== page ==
MYSTERY WIRE — It’s hard to imagine just how cold the temperature is on dwarf planet Pluto. It averages a temperature of negative 378 – 396 degrees Fahrenheit, which is well over negative 230 Celsius.
But new research is showing Pluto may not have always been this way. Using geologic observations of Pluto’s surface, the research suggests that Pluto actually started out in a hot formation scenario. Researchers modeled and compared hot versus cold formation scenarios and found that the surface features on Pluto best match hot.
In this scenario, the liquid ocean would slowly freeze over time, although not completely, and cause the extensional faults seen by New Horizons in Pluto’s icy crust.
The researchers analyzed so-called “extensional features” on Pluto’s surface. Water expands as it freezes, so as Pluto’s interior cooled, Pluto’s surface stretched, generating recognizable structures.
“If it started cold and the ice melted internally, Pluto would have contracted and we should see compression features on its surface, whereas if it started hot it should have expanded as the ocean froze and we should see extension features on the surface,” Bierson said. “We see lots of evidence of expansion, but we don’t see any evidence of compression, so the observations are more consistent with Pluto starting with a liquid ocean.”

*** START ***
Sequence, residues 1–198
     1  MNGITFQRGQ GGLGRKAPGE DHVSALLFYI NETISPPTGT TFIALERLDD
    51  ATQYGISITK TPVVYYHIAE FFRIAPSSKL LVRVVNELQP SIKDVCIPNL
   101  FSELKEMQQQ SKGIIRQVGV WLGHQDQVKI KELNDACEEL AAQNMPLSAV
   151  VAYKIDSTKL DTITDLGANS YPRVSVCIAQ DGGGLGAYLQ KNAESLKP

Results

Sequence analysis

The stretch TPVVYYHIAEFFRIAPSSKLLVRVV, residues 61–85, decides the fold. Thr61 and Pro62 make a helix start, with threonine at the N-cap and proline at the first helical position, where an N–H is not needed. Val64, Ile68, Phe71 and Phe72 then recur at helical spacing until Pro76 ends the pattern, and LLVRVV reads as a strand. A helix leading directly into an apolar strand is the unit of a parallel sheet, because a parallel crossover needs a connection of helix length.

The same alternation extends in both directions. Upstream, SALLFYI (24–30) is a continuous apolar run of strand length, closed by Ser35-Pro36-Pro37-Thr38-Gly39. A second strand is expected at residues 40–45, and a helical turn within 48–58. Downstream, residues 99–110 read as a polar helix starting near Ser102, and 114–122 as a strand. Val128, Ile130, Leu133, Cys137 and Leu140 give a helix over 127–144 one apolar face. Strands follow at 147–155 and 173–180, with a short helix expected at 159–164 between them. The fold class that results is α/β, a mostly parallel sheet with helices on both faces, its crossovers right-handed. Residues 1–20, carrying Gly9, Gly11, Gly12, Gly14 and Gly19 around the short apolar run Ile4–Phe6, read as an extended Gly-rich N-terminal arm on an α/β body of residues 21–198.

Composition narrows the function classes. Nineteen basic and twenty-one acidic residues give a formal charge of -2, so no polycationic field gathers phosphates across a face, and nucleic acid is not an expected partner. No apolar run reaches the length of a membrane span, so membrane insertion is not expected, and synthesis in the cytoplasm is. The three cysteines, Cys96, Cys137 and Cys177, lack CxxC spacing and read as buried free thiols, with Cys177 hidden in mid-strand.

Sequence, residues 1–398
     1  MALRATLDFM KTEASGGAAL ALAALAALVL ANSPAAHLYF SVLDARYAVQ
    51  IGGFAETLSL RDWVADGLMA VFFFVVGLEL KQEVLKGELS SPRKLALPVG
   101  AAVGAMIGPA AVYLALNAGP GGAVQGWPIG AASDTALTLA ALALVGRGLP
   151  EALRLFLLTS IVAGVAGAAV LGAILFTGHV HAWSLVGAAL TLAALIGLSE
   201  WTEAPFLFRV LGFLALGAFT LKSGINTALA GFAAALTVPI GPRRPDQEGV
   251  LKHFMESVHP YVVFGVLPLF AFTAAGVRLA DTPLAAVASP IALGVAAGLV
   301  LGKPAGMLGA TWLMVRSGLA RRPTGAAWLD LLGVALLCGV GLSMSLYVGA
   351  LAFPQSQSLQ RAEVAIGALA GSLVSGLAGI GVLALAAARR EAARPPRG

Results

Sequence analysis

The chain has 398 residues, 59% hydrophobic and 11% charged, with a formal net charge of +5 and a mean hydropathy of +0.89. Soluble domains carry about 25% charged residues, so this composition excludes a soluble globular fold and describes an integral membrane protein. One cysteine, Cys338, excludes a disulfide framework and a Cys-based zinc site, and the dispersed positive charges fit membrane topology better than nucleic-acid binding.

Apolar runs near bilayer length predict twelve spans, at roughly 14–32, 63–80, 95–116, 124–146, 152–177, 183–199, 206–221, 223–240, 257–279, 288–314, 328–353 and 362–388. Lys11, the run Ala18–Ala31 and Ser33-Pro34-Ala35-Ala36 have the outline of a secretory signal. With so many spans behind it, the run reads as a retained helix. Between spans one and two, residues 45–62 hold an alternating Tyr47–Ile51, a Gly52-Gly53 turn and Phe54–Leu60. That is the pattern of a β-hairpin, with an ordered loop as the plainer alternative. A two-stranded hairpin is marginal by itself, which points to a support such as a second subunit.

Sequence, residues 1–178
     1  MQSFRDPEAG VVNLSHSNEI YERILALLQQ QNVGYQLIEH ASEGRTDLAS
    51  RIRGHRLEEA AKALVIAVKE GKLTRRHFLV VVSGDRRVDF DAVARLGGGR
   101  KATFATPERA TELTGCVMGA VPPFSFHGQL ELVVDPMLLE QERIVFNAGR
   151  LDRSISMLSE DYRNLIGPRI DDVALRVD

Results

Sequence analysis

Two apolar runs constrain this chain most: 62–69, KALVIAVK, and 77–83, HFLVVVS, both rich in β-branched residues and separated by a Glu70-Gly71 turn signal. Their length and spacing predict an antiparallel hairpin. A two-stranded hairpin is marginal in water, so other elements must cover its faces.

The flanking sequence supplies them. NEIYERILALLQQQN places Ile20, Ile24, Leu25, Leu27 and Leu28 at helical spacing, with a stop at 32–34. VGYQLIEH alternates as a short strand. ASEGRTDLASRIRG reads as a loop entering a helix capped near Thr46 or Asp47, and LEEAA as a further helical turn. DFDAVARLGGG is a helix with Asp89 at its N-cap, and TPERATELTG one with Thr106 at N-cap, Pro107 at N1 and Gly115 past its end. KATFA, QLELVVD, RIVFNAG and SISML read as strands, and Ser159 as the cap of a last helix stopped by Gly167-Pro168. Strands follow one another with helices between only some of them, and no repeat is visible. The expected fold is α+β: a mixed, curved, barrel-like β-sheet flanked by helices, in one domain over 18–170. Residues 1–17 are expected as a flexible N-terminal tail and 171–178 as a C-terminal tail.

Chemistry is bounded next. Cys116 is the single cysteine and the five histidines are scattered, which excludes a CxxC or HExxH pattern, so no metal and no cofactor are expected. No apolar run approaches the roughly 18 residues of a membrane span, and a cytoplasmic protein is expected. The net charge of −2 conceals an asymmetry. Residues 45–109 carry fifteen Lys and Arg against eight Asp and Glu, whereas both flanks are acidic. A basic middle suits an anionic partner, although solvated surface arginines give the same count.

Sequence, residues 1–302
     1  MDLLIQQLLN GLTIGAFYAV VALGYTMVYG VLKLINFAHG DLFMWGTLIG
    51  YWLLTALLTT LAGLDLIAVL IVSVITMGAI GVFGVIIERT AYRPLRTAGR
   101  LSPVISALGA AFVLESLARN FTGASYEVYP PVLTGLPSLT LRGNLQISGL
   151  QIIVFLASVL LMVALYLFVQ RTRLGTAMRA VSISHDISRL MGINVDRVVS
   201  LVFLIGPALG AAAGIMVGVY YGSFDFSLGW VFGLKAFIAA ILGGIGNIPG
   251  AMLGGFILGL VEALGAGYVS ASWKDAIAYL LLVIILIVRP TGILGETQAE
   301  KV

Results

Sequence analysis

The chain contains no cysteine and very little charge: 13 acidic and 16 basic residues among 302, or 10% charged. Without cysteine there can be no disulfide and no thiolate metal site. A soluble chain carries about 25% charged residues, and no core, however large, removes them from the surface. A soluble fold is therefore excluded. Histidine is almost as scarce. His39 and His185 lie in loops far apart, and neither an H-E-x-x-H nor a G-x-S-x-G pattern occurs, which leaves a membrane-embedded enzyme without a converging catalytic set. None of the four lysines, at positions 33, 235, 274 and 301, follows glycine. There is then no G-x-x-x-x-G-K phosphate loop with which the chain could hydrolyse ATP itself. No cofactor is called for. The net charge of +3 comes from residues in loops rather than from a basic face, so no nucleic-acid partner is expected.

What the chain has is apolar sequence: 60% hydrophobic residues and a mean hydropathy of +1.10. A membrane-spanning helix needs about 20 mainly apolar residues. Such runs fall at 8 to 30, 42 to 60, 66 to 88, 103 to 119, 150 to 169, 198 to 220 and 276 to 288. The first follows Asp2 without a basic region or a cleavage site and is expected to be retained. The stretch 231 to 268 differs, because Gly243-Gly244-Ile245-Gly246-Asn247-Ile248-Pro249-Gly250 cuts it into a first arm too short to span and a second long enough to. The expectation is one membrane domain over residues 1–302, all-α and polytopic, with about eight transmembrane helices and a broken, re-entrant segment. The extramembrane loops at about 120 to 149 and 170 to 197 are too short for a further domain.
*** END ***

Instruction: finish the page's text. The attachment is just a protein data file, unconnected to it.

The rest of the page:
The study was published Monday in the journal Nature Geoscience.
Researchers had long thought that Pluto began as an icy sphere when it formed in the Kuiper Belt, a home to cold, dark objects on the edge of our solar system.
Some scientists also believe there is a liquid ocean beneath Pluto’s ice shell that is estimated to be 249 miles thick. But they thought it formed later in Pluto’s history as radioactive elements were heated near the dwarf planet’s rocky core and decayed. This heat could have been enough to melt ice and form a subsurface ocean.
“The most exciting part of this research to me is that we can use the geology we observe on Pluto today to peer back in time and learn about what Pluto was like shortly after its formation,” said Carver Bierson, first study author and recent PhD graduate from the University of California, Santa Cruz.
The long, slow freeze could also explain the mix of features on Pluto’s surface because expansion would occur throughout the history of the dwarf planet. “The oldest surface features on Pluto are harder to figure out, but it looks like there was both ancient and modern extension of the surface,” said Francis Nimmo, study co author and professor of Earth and planetary sciences at the University of California, Santa Cruz.
What led to Pluto forming in the first place is also being questioned, “As Pluto was forming, material was repeatedly coming in and impacting the surface,” Bierson said. “Each of those impacts is like an explosion that will warm the surface where it hit. If Pluto formed slowly the surface can cool off before the next impact. However if Pluto formed quickly you have impact on top of impact, repeatedly warming the surface until you get warm enough that an ocean can form. We calculate that Pluto would have had to form in less than about 30,000 years for this to form an ocean.”